Heart disease is the name for several conditions which affect your heart and blood vessels. They can stop blood flowing around your body as it should, which can cause serious illness and sometimes death. Maintaining a healthy diet, regular exercise, and stopping smoking can help lower your heart disease risk.

What’s heart disease?

Heart disease is a condition which affects your heart and blood vessels, like:

  • arrhythmia — when your heart isn’t beating as it should 
  • cardiomyopathy — when your heart muscle is damaged 
  • congenital heart disease — a birth defect that affects your heart 
  • heart valve disease — when the valves in your heart aren’t working properly
  • heart failure — when your heart isn’t functioning as well as it should
  • heart infections — when your heart is infected by bacteria, viruses, or parasites
  • coronary heart disease (CHD) — when fatty substances build up in your heart’s arteries

Heart disease is one of the biggest causes of death in the UK. CHD is the most common type of heart disease.

What are the symptoms of heart disease?

Heart disease symptoms depend on what type of heart problem you have. They might include:

  • chest pain
  • feeling dizzy or faint
  • breathlessness
  • feeling tired (fatigue) 
  • pain or weakness in your limbs 
  • heart palpitations, or a fast or slow heartbeat 

What causes heart disease?

Lots of different things cause heart disease. This depends on what type of heart problem you have.

Some types develop when fatty substances (atheroma) build up in the tubes which carry blood around your body (arteries). Infections, health conditions, medicines, and lifestyle factors can cause them too.

What’s a heart attack?

A heart attack happens when blood isn’t able to reach your heart because of a blockage. Heart attack symptoms vary from person to person, but often include:

  • chest pain — like a squeezing sensation or pressure on your chest
  • chest pain that travels to your left or right arm, neck, jaw, back, or stomach
  • feeling sick (nausea), sweaty, light-headed, or short of breath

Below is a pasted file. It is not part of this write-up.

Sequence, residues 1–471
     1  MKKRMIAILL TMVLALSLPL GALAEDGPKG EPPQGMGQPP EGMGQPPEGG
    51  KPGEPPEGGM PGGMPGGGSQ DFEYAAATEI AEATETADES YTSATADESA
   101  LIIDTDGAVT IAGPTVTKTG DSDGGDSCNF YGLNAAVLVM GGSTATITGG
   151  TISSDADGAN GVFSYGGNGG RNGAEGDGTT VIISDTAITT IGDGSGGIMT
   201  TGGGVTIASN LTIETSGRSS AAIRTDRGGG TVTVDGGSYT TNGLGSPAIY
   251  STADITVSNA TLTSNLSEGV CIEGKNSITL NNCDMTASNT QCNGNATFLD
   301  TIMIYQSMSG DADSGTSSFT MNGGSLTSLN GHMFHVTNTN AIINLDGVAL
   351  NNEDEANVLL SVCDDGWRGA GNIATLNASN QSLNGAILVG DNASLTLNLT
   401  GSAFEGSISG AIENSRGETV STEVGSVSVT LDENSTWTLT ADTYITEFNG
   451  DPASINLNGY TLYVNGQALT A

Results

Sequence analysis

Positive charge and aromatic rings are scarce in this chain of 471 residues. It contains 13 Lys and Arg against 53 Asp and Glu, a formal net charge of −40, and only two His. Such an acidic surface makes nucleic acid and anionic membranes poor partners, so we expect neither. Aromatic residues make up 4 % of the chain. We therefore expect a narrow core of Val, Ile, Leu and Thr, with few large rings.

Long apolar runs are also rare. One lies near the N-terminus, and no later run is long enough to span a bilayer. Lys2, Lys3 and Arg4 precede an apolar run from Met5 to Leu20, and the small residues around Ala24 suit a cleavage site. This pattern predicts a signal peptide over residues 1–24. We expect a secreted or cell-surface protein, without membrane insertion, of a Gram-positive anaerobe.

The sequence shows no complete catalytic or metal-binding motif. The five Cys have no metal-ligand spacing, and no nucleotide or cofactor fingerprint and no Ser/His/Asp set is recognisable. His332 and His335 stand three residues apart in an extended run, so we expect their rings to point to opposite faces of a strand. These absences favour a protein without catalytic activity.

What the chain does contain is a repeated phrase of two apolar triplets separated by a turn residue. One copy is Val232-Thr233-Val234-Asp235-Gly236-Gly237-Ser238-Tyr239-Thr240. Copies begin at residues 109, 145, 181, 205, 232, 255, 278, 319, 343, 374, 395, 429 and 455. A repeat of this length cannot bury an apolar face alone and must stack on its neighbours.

Men and women often experience chest pain when having a heart attack. But women are less likely to than men. They are also more likely than men to feel sick, have back or jaw pain, and feel short of breath. So it’s important to look out for these signs as well as chest pain.

Less often, women and men’s symptoms might include:

  • coughing a lot
  • sudden overwhelming anxiety — like something really bad’s about to happen

If you think you’re having a heart attack, it’s best to call 999 so you can get help quickly.

Hands held into heart shape in front of sunrise

Do women get heart disease?

It’s a common misconception that heart problems are a ‘male’ issue.

This isn’t true — in the UK, CHD is the second most-common cause of death among women after dementia. 

Women might be less likely to seek medical attention quickly. So it’s important to seek treatment as soon as you recognise the warning signs.

Some people with symptoms don’t realise they’re having a heart attack, and delay seeking medical help. Call 999 if you think you’re having a heart attack.

Can heart disease be treated?

There are lots of ways to slow down and treat heart disease, depending on the condition. A doctor might recommend anything from eating a healthy diet to surgery (in serious cases).

It’s never too late to start living a healthy lifestyle. This can prevent you from developing heart problems in future. It can also stop existing problems getting worse.

If you have a heart problem, it’s a good idea to speak to your GP or consultant before you start a new exercise routine.

Can you prevent heart disease? 

Preventing heart disease depends on the type of heart problem you have. 

CHD is the most common type of heart disease. It also causes other heart problems, like heart failure and heart valve disease. There are things you can do at home to prevent CHD or stop it getting worse, like:

Find out how to test your blood cholesterol levels. 

Thriva podcast | S4 E1: Salt and blood pressure
Thriva podcast | S4 E2: Heart rate variability (HRV)


British Heart Foundation: Cardiovascular heart disease. Retrieved 8 March 2022 from: https://www.bhf.org.uk/informationsupport/conditions/cardiovascular-heart-disease 

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